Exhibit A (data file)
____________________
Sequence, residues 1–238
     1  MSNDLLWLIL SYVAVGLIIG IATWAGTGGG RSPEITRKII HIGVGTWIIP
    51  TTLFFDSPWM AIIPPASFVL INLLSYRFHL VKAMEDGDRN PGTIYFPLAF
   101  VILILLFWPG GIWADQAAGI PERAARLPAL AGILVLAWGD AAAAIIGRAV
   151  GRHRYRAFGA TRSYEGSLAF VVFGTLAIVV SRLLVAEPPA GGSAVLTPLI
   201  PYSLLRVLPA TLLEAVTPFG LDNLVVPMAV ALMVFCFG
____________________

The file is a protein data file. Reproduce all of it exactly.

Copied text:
Sequence, residues 1–238
     1  MSNDLLWLIL SYVAVGLIIG IATWAGTGGG RSPEITRKII HIGVGTWIIP
    51  TTLFFDSPWM AIIPPASFVL INLLSYRFHL VKAMEDGDRN PGTIYFPLAF
   101  VILILLFWPG GIWADQAAGI PERAARLPAL AGILVLAWGD AAAAIIGRAV
   151  GRHRYRAFGA TRSYEGSLAF VVFGTLAIVV SRLLVAEPPA GGSAVLTPLI
   201  PYSLLRVLPA TLLEAVTPFG LDNLVVPMAV ALMVFCFG